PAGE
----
blog meditation Psalms

Meditation Psalm 141

A psalm of David.

I call to you, Lord, come quickly to me;
    hear me when I call to you.
May my prayer be set before you like incense;
    may the lifting up of my hands be like the evening sacrifice.

Set a guard over my mouth, Lord;
    keep watch over the door of my lips.
Do not let my heart be drawn to what is evil
    so that I take part in wicked deeds
along with those who are evildoers;
    do not let me eat their delicacies.

Let a righteous man strike me – that is a kindness;
    let him rebuke me – that is oil on my head.
My head will not refuse it,
    for my prayer will still be against the deeds of evildoers.

Their rulers will be thrown down from the cliffs,
    and the wicked will learn that my words were well spoken.
They will say, ‘As one ploughs and breaks up the earth,
    so our bones have been scattered at the mouth of the grave.’

But my eyes are fixed on you, Sovereign Lord;
    in you I take refuge – do not give me over to death.
Keep me safe from the traps set by evildoers,
    from the snares they have laid for me.
Let the wicked fall into their own nets,
    while I pass by in safety.

(Ps. 141:1-10 NIV)

The Psalmist is faced with an immediate trial and he senses that he is in danger of saying or doing the wrong thing. He calls out to the Lord in urgent need of God to come quickly to his aid. He desires for his prayer to ascend like the incense that was offered with the burnt offering of the evening sacrifice. The lifting up of the hands was an expression of total dependence upon God.

Evil was all around, and the Psalmist was facing temptation. When faced with lying accusations it is tempting to respond in an angry way that might lead to a sinful behaviour. In order to avert sins of speech the Psalmist asks the Lord to put a guard over his mouth. Controlling our speech is one of the big themes in the book of Proverbs. It is part of wisdom teaching to emphasise the need to exercise control over the words we use. James in the NT teaches about the need to control the tongue. Mastery over our words is part of the wise way to live. The words we speak are an indication of the relationship that we have with the Lord. Referring to the door of his lips sees the mouth as the door that opens to allow the words to flow out from the heart. The heart is the wellspring of life and the condition of our hearts is revealed by the words that we speak. The Psalmist also asks the Lord to guard so that his heart is not led down an evil path.

The wicked acquire dishonest gain from their evil deeds. The delicacies are the product of evil gains and the Psalmist refuses to partake in this evil gain.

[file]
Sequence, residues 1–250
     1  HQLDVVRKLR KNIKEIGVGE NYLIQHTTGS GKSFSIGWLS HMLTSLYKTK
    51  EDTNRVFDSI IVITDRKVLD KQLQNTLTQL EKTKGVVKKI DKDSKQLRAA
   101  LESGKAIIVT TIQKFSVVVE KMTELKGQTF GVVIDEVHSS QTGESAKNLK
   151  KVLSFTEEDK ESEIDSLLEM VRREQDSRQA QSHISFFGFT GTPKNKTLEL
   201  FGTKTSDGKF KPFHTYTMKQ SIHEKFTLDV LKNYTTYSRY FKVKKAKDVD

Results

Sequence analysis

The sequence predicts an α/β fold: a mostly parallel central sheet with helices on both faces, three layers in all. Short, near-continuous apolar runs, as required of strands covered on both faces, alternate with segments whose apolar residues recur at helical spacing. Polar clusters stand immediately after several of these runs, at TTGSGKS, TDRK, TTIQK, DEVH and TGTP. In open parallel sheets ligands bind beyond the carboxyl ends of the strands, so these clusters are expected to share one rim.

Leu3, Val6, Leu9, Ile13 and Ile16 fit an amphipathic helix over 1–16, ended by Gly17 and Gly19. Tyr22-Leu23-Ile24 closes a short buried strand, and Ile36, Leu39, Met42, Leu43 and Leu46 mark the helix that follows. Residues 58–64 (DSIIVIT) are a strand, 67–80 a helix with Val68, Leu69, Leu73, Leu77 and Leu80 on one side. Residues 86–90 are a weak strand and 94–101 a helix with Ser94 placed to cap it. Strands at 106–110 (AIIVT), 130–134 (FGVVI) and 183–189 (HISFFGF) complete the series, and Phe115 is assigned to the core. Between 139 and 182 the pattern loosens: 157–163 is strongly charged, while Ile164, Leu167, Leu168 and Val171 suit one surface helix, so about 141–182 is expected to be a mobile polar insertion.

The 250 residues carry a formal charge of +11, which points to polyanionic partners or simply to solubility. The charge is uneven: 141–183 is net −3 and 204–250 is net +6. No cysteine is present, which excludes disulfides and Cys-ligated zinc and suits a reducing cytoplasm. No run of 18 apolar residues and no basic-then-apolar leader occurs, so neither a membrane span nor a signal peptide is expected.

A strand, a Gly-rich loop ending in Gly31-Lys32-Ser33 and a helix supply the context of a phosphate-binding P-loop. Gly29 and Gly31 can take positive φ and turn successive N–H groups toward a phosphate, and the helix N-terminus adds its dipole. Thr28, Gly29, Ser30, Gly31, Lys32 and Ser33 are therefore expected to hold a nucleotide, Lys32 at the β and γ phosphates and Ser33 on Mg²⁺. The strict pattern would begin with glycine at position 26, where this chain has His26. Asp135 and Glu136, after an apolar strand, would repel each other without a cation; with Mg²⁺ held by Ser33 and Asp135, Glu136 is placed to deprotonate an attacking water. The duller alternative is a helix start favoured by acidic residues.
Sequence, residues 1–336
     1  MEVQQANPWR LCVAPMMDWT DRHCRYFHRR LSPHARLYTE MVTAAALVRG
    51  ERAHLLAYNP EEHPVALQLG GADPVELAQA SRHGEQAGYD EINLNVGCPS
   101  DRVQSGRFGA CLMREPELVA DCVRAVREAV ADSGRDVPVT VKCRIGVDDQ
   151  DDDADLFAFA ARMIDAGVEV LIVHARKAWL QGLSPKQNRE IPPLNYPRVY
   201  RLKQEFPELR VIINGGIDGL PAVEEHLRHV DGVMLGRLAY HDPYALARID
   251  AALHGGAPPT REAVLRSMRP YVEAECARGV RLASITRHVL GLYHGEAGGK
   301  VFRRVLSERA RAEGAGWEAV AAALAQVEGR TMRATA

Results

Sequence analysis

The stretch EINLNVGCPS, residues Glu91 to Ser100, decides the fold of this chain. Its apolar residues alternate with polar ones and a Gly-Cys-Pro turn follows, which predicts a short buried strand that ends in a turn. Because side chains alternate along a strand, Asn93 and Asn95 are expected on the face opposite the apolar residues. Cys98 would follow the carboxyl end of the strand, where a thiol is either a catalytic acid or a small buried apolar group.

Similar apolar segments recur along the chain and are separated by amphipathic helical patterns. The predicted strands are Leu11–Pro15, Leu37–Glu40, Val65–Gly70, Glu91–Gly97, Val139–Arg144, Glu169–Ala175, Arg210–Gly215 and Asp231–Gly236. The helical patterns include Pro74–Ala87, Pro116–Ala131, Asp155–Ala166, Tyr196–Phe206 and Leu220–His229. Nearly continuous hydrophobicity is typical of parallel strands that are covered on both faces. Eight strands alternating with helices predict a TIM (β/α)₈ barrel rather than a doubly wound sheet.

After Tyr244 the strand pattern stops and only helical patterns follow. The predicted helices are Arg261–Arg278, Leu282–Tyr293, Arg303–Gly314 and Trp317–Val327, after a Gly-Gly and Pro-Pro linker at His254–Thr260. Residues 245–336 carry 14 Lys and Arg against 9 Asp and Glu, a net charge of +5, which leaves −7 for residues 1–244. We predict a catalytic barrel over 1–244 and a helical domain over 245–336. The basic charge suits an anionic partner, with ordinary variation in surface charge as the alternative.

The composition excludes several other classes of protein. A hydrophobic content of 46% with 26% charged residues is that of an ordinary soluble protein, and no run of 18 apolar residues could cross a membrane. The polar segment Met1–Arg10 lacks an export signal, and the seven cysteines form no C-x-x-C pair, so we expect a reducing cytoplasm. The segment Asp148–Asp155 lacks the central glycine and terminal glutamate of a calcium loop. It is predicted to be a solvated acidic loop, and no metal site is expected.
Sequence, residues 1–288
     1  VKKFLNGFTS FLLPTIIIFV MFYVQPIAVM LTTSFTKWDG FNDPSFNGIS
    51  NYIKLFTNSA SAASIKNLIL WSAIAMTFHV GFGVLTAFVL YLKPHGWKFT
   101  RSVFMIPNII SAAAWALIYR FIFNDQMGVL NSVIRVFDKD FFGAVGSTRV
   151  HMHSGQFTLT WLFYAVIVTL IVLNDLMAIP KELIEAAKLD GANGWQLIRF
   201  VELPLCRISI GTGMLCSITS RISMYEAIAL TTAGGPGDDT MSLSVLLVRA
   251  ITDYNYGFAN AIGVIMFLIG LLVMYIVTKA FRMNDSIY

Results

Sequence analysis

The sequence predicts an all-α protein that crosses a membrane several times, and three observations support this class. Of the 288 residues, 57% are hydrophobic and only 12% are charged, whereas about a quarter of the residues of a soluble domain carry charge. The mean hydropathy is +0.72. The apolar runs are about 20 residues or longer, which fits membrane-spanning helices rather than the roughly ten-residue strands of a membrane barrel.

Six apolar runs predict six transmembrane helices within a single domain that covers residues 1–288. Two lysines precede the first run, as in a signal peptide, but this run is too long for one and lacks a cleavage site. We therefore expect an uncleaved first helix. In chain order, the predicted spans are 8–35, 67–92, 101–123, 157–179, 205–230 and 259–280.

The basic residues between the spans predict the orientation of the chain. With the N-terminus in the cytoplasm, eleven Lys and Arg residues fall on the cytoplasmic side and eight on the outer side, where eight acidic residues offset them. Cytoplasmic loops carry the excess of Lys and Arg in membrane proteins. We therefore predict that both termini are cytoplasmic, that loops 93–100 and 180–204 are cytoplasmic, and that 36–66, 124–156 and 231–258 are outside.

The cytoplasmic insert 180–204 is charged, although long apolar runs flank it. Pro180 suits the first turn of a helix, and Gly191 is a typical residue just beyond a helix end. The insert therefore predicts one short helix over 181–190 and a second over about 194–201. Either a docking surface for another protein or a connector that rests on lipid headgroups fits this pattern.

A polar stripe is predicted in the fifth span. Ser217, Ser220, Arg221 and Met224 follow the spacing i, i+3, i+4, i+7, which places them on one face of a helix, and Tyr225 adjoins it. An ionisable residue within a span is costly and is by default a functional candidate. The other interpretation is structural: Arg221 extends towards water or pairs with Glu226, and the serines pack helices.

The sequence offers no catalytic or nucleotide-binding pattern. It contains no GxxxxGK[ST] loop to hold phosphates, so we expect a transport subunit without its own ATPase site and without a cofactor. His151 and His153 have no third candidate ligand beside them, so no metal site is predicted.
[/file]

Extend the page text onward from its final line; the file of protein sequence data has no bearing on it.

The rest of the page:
The Psalmist is humble enough to accept criticism and rebuke from a righteous person. A wise person responds to wisdom and sees a wise rebuke as an expression of love. Pouring oil upon the head was part of a custom. To honour his guest a host would anoint their head with oil. As a guest would be honoured by this action so the Psalmist is honoured by the words of rebuke. Such a rebuke he would never refuse.

The Psalmist prays for the downfall of the wicked, especially those in positions of authority who use their position to resist the godly. Every person who uses their position to advocate for unbiblical practices will one day have to give an account to God for their actions.

V7 is very difficult to translate but the sense seems to be that as the farmer ploughs the field and breaks up the soil so the bones of the wicked will be scattered and they will be denied a proper burial.

While the activity of the wicked rulers is distressful, the Psalmist is going to keep his eyes fixed upon the Lord and finds refuge for his heart in the Lord. The Psalmist’s heart is at peace because he has brought the matter of the wicked before God in prayer and he is content that the Lord will in His own time deal with the wicked. The important point to note is that the Psalmist leaves their judgement in the hands of God. The Psalmist’s life is potentially at risk and so he places his life into the hands of the Lord. The Psalmist still has to live his life among the evil people. He asks to be protected from the snares that they have set and that the wicked my become entrapped in the snares that they have made for him.

Lord help us to guard what we say and how we say it, so that we will not be guilty of sinning against You or against our brother or sister in Christ. Mount a guard over our hearts that we might meditate upon that which is pure and wholesome. Help us to hide Your word in our hearts that we might not sin against You for Christ our Saviour’s sake in whose name we pray. Amen.

BLVvB lf